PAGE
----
In the early 1950s, as the evidence linking cigarette smoking to lung cancer became known to the public, there was a decline in cigarette sales. This decline was short-lived, however, when manufacturers countered with “filtered” cigarettes, which were touted as being safer than unfiltered ones. Another decline would occur in the mid-1960s when a warning about the health hazards of cigarettes was added to the packaging, anti-smoking advertisements began to be aired on television and, in the early 1970s, televised cigarette ads were eventually banned.
Each decline in cigarette sales has resulted in a new type of cigarette that’s touted as being safer than its predecessor. Case in point, the current resurgence of smoking with the introduction of e-cigarettes, which are being promoted as a method of smoking cessation for adults. Unfortunately, as contributor Vitisia Paynich reveals in this month’s cover story, “The Youth Vaping Epidemic” on page 44, the use of e-cigarettes and vaping is reaching epidemic proportions for our nation’s youth. And, once again, this rise in nicotine consumption is being met with an onslaught of information about its ill effects.
This feeling of “we’ve been down this path before,” also resonates with the recent measles outbreak facing our nation. In “Measles: The Childhood Scourge Is Back” on page 52, NRPA’s vice president of strategic initiatives, Richard J. Dolesh, lays out the history of this disease and reasons behind the current outbreak of a disease that the CDC declared had been eliminated in 2000. In both these stories, Paynich and Dolesh address the question: “So, what role should park agencies play in confronting [these] serious epidemic[s]?” and provide some helpful insights.
Since improving the health of our communities is a major focus of park and recreation agencies, an effective way to mitigate these and similar situations is by informing the public about the impacts to their health. We’ve seen how effective this can be in stemming each rise in nicotine consumption — and I’m hopeful this time the results will be the same.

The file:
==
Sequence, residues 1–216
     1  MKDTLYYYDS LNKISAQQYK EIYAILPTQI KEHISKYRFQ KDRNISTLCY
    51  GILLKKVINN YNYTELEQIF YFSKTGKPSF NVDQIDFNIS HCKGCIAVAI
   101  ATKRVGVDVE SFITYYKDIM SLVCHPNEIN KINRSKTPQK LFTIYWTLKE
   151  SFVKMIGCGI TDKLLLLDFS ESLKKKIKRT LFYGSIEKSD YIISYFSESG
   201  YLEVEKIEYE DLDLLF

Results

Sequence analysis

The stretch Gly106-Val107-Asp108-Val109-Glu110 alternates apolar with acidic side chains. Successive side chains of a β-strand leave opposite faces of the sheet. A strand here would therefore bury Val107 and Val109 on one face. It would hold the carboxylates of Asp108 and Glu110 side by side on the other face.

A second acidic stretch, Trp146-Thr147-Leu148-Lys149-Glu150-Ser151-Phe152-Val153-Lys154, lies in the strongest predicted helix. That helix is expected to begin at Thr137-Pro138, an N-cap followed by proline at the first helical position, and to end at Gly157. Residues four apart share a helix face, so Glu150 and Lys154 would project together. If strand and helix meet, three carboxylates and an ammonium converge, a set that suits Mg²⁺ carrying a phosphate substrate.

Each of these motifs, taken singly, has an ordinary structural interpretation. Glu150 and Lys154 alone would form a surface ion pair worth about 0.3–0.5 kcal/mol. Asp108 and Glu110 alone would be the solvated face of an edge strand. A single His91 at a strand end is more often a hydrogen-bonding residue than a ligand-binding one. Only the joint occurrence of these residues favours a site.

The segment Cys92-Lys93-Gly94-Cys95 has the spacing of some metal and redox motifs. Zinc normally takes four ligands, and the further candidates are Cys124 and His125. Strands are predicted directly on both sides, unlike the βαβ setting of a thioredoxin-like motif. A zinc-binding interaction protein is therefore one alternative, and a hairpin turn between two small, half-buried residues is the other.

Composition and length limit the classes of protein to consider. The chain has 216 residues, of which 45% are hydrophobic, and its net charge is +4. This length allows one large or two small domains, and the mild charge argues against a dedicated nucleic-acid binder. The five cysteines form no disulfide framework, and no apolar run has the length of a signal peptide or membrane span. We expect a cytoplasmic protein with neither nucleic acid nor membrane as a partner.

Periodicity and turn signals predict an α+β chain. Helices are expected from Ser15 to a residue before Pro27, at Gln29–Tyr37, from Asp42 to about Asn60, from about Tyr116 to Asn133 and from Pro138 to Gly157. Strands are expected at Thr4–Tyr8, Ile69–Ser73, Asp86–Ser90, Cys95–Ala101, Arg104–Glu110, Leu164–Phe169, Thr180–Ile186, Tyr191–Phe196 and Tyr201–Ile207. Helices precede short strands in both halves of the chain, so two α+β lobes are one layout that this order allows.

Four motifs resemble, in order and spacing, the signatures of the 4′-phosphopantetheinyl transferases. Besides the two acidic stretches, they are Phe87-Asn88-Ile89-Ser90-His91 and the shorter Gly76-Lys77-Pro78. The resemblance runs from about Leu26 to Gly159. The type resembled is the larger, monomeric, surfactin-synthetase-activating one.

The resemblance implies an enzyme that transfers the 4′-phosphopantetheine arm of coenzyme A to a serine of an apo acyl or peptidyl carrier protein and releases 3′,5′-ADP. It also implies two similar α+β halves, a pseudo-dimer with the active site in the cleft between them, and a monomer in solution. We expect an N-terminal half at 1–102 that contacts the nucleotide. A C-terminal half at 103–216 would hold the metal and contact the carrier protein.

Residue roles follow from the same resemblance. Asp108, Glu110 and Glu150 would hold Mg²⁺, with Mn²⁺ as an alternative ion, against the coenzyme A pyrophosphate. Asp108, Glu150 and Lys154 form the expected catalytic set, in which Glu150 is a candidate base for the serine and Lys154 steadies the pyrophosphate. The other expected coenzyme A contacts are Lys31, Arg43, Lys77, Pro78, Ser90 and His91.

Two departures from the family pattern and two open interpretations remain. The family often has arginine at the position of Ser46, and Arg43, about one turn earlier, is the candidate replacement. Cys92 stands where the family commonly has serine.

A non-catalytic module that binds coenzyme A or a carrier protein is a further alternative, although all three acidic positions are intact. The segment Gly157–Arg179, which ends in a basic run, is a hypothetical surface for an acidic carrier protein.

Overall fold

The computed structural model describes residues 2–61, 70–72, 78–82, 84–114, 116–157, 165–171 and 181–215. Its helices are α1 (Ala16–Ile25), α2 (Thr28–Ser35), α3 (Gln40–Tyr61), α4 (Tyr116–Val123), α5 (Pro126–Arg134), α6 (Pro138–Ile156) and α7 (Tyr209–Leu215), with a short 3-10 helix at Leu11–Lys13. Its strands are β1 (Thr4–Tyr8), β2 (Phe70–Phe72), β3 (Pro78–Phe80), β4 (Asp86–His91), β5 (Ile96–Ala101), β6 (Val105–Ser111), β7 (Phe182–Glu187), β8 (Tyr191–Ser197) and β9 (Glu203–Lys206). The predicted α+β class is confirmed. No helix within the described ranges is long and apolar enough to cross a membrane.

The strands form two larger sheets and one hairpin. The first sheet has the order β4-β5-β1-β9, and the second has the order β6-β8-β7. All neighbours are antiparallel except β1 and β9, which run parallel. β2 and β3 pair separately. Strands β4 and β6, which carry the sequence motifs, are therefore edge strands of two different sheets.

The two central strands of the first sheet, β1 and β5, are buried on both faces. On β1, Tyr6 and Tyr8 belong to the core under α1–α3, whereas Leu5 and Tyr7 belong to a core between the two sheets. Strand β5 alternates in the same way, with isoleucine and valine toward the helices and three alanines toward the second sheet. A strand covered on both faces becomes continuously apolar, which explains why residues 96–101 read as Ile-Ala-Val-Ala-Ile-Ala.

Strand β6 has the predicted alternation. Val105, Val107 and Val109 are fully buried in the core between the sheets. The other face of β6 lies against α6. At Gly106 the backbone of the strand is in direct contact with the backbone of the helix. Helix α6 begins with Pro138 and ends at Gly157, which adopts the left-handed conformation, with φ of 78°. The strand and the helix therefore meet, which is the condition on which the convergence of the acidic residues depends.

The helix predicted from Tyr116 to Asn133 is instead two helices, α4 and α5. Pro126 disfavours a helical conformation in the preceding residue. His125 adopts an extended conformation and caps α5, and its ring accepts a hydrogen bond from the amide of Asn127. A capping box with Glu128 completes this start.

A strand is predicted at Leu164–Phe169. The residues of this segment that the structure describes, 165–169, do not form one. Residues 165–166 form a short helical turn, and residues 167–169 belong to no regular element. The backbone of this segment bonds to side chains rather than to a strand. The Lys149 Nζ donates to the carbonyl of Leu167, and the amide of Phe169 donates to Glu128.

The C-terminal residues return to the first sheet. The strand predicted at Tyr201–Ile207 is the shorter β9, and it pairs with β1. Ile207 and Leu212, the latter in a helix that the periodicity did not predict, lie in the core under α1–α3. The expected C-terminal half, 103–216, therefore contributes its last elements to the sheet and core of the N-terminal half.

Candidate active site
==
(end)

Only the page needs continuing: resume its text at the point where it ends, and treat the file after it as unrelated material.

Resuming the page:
But, it’s not only important to inform the public about the impact behavior like smoking and not getting vaccinated can have on their and their community’s health. They also need to be informed about the impact their actions have on the health of our environment. In “Keep America Beautiful® ‘Cigarette Litter Prevention Program’” on page 58, contributor Jerred Jones highlights an initiative by the nation’s leading community improvement nonprofit organization, to reduce cigarette litter. It’s visible around practically every entrance to a building, along our highways and in our open spaces. And I confess, as a non-smoker, I haven’t given those butts much thought — that is, until learning about their impact from this feature.
Thankfully, there are things we, as advocates for parks and recreation, can and are doing to not only improve the health of our communities but of our environment. As we work to help communities get fit and healthy and encourage them to go outdoors to enjoy nature, we can enlighten them to another national treasure that’s in the works: The Great American Rail-Trail! In “From Dream to National Treasure: The Great American Rail-Trail” on page 64, by Laura Stark and Brandi Horton, you’ll learn about the birth of this east- to west-coast trail.
In the midst of some pretty weighty issues — vaping, measles outbreaks, cigarette litter — it’s so gratifying to work in a field that’s focused on physical, environmental and spiritual health.
Sonia Myrick is the Executive Editor of Parks & Recreation magazine.